Things You'll Need:
- Cans of paint
- Old sheets
- Various sized paint brushes
- Spray bottles or water gun
- Rags or old clothes
Remember to wear old clothes while spatter painting. Test color combinations and make sure you like them before you apply paint to the walls.
Looking to add some flair to a boring room? If you're a fan of abstract visuals, splattering paint at your walls can yield exciting results while allowing you to create a completely unique design. Splatter painting is a free-form way to decorate a room without restriction. There are plenty of ways to splatter paint and no single correct way of doing it--what's fun about it is that using your own creativity and judgment is essential to the process. Here are a few methods to experiment with.
Cover the floor of the room securely with old sheets to protect it from flyaway paint. You may want to cover the ceiling, too, if you're not going to be painting it later.
Dip the bristles of a paintbrush into the paint and flick the paint at the wall, keeping the brush in your hand. Start by trying different brush sizes and observing the results they create when you stand at various distances from the wall, then continue with what appeals to you most. If the room is small, stand in the middle of the room and try spinning in a circle while flicking the brush. Experimentation is the key principle of splatter painting.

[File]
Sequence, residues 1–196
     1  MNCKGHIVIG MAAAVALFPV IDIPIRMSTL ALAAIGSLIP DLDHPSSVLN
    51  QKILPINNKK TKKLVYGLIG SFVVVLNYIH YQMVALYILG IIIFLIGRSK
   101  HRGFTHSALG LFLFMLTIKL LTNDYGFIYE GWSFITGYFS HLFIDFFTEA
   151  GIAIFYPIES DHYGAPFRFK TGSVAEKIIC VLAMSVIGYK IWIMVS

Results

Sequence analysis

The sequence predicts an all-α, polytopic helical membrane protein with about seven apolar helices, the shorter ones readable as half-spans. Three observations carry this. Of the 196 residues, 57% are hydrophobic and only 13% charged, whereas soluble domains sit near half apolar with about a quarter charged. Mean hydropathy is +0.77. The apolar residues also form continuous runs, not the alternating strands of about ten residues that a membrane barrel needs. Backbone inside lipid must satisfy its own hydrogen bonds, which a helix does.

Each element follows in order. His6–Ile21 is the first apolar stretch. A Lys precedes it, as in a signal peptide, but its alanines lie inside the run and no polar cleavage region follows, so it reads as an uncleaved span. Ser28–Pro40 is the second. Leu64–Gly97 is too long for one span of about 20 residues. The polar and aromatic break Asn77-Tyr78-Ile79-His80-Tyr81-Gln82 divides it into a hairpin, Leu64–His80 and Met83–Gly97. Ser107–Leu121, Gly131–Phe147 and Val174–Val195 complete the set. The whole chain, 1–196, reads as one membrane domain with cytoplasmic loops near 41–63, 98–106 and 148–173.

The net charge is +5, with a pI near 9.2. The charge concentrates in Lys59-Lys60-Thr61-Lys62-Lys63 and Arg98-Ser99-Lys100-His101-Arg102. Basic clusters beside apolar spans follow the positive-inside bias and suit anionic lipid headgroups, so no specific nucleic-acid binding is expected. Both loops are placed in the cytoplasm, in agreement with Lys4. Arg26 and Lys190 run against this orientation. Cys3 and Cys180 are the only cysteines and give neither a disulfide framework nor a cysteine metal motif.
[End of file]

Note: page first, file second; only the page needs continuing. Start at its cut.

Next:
Fill balloons with paint using a funnel. Tie them up and then throw them at the walls at random. Or, if making holes in the walls isn't an issue, pin the balloons up and throw darts at them.
Find a squirt bottle or water gun that will spray from a long distance and fill it with paint. Test the result first on an old sheet or large canvas and apply the technique you like to the wall.
Dip rags or old clothes in paint and use the same flicking motion towards the walls as with the paint brush. The length of the fabric and the amount of paint you coat it in will vary what the splatters look like.
Experiment with different ranges and distances, color combinations, and watering down the paint to adjust the way the paint splatters. Keep in mind that the process of splatter painting is dependent on being bold, random and unrestricted.
Diane Szulecki is a college student from New Jersey, majoring in journalism and art history. She is currently interning at a local magazine publishing company.